Islam, Gender, and Democracy in Comparative Perspective
- ISBN: 9780198788553
- Published By: Oxford University Press
- Published: June 2017
This book aims to problematize two simplifications of the relationship between women’s rights, Islam, and democracy: first, treating women’s rights as a litmus test of liberal democracy in Muslim societies, and second, the binary opposition which pits secular rights advocates against religious opponents of equality (1). It does so via theorizing about the relation of Islam, gender, and politics to each other in contemporary states and transnational political contexts and comparing this relation to Islamic law, secularism, and the transition to democracy in Catholic countries. Issues analyzed include Muslim family law in the context of legal pluralism in India and the non-Muslim democracies of Greece and Israel; women’s rights movements in Iran, Malaysia, Morocco, and Tunisia; and gender-sensitive political change in Indonesia, Bangladesh, and Senegal.
By and large, the book succeeds in problematizing the simplistic association of women’s equality with secularism. Its essays present a wide swath of experiences which are diverse enough to demonstrate why the targeted bifurcation is too simplistic (as it is in Malaysia, Indonesia, Bangladesh, and Senegal) without ignoring contexts in which it sometimes appears applicable (as it does to varying extents in Iran, India, Morocco, and Tunisia).
In so doing the book walks the fine line between trumpeting its thesis by caricaturing the simplifications it seeks to problematize (which it could do by presenting only evidence which supported its thesis that said simplifications were inaccurate) and failing to argue for a thesis (which it could do by presenting case study after case study without identifying a common thread). But when the book veers off this fine line, it does so in the former direction. It veers not because its authors’ scholarship is deficient—quite the contrary. Rather, it veers because of what it lacks.
The first absence is the Arab Middle East. Except for Israel, which is featured in a discussion of Muslim family law in a majority non-Muslim country, the Arab Middle East is noticeably absent. While I sympathize with the goal of broadening the conversation so as not to make Arab Middle Eastern contexts archetypal for the rest of the Muslim world, the region’s historical and contemporary significance to Islam mean that a comprehensive picture of the relationship between gender, Islam, and the state ought to include it. One might object that the absence is warranted by the current lack of truly democratic states in the Middle East, but the volume includes case studies of other arguably non-democratic states (such as Iran, and perhaps Bangladesh). Furthermore, one way to problematize the simplifications which are its object would be to discuss religious women’s rights movements in nondemocratic states.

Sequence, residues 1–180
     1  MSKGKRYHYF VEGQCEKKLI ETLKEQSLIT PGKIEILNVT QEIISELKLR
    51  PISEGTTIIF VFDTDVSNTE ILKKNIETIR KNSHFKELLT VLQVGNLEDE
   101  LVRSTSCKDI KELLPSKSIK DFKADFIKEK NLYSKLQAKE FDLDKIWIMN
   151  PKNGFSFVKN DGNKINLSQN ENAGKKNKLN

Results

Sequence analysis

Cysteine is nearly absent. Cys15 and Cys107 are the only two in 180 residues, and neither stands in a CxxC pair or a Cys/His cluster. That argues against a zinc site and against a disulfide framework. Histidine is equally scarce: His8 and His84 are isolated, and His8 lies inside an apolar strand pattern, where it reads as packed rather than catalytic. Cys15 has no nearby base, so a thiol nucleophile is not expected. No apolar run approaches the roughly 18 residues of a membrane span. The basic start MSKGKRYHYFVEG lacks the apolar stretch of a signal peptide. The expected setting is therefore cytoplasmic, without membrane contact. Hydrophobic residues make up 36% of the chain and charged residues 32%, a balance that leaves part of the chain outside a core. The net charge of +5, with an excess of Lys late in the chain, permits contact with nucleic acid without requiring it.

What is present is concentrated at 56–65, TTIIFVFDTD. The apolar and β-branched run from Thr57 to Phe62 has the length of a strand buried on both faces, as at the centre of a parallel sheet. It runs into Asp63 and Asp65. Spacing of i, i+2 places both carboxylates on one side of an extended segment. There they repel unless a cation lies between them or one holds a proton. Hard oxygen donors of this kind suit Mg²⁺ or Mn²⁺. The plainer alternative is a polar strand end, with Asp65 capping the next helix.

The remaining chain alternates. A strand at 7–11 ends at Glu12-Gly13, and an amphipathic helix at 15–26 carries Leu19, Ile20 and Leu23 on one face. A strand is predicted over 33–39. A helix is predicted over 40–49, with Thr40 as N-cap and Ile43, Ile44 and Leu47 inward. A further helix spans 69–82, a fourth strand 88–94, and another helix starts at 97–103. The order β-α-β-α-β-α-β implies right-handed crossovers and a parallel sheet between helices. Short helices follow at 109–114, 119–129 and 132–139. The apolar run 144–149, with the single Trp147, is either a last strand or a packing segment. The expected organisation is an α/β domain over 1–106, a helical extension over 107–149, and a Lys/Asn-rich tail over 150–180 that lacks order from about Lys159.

The second absence is positional. The first and third things that contributor Robert Hefner identifies, based on an Indonesian case study, as necessary for successful gender reform are “the intellectual wherewithal to engage Islamic legal traditions on their own terms” and “changes in popular and scholarly understandings of Shari’a” from “unchanging and unquestionable” to reformable, lest “gender reformists proposing changes in fiqh-based legislation risk being smeared with the accusation of apostasy” (105). This highlights a more troubling absence: scholarship which engages with these matters from theological perspectives. One author, Maila Stivens, notes her “own problematic and particular positionality as a ‘Western’ female scholar” writing about Malaysia (269), but none consider how the positionality of their scholarship as secular affects how they engage with theological issues. This is not to say that their scholarship is theologically uninformed. My claim is rather that, as Hefner notes, theological positionality is important to the success of gender reform among Muslims. If this is the case, this scholarship’s secularity may undermine its effectiveness in engendering the gender reform it seeks.
It need not, however, undermine the volume’s effectiveness in problematizing the two simplifications which are its target. It is best suited to do that for an academic, but non-specialist audience. It would work well as a supplement in undergraduate or graduate sociology, anthropology, or political science courses that discuss religion and gender, although instructors should select chapters judiciously to ensure representation of the breadth of perspectives from its case studies that is necessary to problematize its target simplifications. Instructors would be wise to frame selections with Jocelyne Cesari’s opening essay, since it defends the book’s treatment of the postcolonial state as the interpreter of religious orthodoxy. Featuring selections in conversations that problematize treating religious perspectives as opponents of equality would likely also be fruitful.
Rachel Jonker is a doctoral student in Philosophy at the University of Notre Dame.Rachel JonkerDate Of Review:January 8, 2018